Judge won't cancel Redskins team trademarks
Thursday, October 2, 2003

Dealing a blow to a group of Native Americans, a federal judge on Wednesday ruled that the Washington Redskins football team can keep its contested trademarks.

U.S. District Judge Colleen Kollar-Kotelly said her 84-page "opinion should not be read as a making any statement on the appropriateness of Native American imagery for team names."

But she said a federal board that canceled the marks failed to gather sufficient evidence to show that they disparage Native Americans. "The board premised its disparagement conclusion on a paucity of actual findings of fact that were linked together through inferential arguments that had no basis in the record," she wrote.

Kollar-Kotelly also determined that the seven Native activists who brought the challenge waited too long. In contrast, she said the team would suffer "economic hardship" because the marks were first registered more than 30 years ago.

"By waiting so long to exercise their rights, [the activists] make it difficult for any fact-finder to affirmatively state that in 1967 the trademarks were disparaging," Kollar-Kotelly concluded.

The decision caps off an 11-year battle between the activists and the owners of the team. In 1992, Suzan Shown Harjo and six other prominent members of the Indian community, including legal scholar Vine Deloria Jr. and educator Norbert Hill, asked the U.S. Patent and Trademark Office to cancel the Redskins family of marks.

In April 1999, the group won a significant victory. In the first case of its kind, the patent office's Trademark Trial and Appeal Board said the marks were "disparaging" and subjected Native Americans to "contempt" and "disrepute."

Pro-Football Inc., the owners of the Redskins, appealed to the federal court in Washington, D.C., although it could have gone straight to an appeals court. Karl Swanson, a senior vice president and spokesperson for the team, welcomed the decision and said the name is not offensive to Native Americans.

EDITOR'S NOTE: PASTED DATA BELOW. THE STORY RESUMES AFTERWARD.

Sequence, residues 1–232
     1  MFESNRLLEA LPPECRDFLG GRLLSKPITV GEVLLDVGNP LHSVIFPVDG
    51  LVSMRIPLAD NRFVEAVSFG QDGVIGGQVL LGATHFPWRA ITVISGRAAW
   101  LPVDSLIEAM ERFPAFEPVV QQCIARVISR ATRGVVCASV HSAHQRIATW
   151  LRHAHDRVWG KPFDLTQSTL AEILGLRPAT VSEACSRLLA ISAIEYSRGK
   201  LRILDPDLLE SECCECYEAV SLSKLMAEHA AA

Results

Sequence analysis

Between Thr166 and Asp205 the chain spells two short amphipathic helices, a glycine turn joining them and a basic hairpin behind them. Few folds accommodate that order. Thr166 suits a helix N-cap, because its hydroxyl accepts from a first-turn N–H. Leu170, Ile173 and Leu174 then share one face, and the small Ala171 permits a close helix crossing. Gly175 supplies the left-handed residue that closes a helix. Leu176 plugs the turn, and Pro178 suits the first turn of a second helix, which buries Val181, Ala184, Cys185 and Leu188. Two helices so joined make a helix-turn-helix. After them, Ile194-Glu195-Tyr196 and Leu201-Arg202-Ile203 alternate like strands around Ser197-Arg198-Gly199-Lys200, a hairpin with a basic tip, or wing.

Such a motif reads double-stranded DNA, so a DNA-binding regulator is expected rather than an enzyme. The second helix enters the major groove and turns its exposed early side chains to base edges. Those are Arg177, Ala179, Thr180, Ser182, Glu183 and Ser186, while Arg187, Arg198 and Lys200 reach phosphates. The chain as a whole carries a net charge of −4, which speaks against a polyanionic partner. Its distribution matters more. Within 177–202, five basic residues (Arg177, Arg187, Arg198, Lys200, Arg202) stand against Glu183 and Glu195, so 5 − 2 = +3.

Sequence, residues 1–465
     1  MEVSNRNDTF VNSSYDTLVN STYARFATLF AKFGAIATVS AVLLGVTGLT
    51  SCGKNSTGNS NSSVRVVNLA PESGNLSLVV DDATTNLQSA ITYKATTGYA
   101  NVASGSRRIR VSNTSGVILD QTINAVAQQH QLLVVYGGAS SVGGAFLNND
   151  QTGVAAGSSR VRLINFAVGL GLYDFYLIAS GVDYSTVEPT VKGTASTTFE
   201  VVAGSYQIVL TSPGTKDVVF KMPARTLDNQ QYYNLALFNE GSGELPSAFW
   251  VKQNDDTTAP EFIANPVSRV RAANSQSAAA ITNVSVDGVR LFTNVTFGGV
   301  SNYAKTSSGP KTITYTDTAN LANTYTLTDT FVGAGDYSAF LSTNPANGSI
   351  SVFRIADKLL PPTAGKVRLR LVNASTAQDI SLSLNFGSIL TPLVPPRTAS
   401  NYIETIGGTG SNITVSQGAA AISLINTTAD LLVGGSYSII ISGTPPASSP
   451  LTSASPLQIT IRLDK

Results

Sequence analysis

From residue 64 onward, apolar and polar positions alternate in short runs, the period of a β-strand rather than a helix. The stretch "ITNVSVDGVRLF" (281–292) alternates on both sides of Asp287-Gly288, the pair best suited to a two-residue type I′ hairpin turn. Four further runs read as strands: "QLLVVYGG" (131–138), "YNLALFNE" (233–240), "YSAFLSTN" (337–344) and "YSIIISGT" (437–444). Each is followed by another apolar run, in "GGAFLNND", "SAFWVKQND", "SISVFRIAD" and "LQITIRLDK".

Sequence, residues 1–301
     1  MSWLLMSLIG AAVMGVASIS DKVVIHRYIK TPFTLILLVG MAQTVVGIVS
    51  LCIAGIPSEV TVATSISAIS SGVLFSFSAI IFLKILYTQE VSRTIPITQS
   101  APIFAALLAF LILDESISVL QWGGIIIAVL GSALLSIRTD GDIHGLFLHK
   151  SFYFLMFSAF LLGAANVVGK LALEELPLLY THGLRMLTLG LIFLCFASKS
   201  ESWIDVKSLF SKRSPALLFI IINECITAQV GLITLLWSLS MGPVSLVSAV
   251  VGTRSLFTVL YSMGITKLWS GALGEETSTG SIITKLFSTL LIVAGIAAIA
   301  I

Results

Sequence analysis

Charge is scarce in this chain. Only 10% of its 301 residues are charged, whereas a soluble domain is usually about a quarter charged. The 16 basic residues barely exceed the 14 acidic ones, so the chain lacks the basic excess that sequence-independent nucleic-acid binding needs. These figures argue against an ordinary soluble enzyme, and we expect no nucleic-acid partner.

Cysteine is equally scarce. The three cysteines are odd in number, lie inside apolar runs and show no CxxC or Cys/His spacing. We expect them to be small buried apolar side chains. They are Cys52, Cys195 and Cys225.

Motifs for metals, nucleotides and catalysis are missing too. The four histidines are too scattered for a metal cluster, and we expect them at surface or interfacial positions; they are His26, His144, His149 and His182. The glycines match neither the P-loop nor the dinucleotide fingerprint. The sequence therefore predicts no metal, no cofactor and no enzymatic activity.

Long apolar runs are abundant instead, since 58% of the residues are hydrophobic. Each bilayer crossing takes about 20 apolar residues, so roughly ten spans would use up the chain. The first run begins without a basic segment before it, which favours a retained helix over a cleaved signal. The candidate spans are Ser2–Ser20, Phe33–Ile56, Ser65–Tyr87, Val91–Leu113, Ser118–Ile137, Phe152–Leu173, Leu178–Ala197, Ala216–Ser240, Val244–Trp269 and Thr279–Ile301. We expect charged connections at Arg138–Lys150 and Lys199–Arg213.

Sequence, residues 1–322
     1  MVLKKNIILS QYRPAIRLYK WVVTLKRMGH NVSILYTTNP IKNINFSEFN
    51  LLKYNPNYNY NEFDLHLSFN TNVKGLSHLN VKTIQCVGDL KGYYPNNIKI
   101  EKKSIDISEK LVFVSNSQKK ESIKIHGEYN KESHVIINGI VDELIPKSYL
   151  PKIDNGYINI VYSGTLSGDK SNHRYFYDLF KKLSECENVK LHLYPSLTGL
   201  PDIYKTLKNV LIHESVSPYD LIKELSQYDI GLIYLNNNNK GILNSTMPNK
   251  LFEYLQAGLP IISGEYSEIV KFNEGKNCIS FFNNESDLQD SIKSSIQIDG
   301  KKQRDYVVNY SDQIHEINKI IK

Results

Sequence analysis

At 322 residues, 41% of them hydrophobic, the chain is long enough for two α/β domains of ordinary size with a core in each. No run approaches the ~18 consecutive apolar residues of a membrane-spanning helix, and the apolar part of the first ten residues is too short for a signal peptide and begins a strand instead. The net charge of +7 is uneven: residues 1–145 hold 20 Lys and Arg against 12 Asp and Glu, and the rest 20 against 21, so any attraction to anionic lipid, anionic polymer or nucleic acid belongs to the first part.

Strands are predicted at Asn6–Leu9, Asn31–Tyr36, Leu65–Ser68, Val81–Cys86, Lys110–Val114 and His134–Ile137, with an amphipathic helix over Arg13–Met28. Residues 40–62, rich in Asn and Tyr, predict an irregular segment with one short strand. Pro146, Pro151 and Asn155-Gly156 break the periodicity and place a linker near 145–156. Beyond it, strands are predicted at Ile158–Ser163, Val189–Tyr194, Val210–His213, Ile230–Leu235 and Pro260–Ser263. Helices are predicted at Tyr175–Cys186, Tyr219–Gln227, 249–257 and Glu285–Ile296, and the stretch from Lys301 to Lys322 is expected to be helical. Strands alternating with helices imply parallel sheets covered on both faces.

"We do not believe it's disparaging," he said. "We believe our use of it is always respectful and honors a long standing tradition."

Harjo, who lives in Washington, D.C., could not be located yesterday for comment. She has compared her battle to "fighting the Washington monument." "We're seven individuals who don't want to pass this burden of racism onto our children," she once told Indianz.Com.

Indian organizations have backed Harjo's crusade. The National Congress of American Indians (NCAI), the largest inter-tribal organization, and the National Indian Education Association (NIEA), the largest group of its kind, have called on the Redskins and other teams with Indian imagery to drop their names.

Across the country, colleges, universities and high schools have stopped using Indians as mascots and names. The National Collegiate Athletic Association has called on its schools to re-examine their use of Indian symbols.

Get the Decision:
Pro-Football, Inc. v. Harjo (September 30, 2003)

Recent Decision:
Pro Football Inc. v. Harjo (March 4, 2003)

Patent and Trademark Office Ruling:
Trademark Trial and Appeal Board (1999)

Relevant Links:
Redskins -

Related Stories:
Court considers cancellation of Redskins team marks (07/24)
Report: Redskins merchandise worth $5 million (07/24)
Judge to hold hearing on Redskins mark case (7/21)
Opinion: Take Indians out of Redskins (12/02)
On Mascots: 'Redskins' is our n-word (09/16)
White Man: Indians proud of Redskins (5/30)
Opinion: Why Redskins must change (3/4)
Redskins get 'new' old look (2/7)
Redskins uniforms changed, for now (2/6)
Harjo: Seeking 'honor' in R-word (2/4)
Opinion: Redskins is for Indians (1/28)
Letters: More on Redskins name (1/18)
Redskins name OK if it offends (1/17)
As If: Replace Redskins logo (1/15)
Editorial: Redskins honors Native people (1/14)
Letters: Debate over Redskins name (1/14)
Redskins name called 'dehumanizing' (1/10)
Redskins told to pick new name (1/9)
Letter: 'Redskins' honors Native people (1/9)
Opinion: War over Redskins plate (1/7)
Redskins name wanted changed (11/19)

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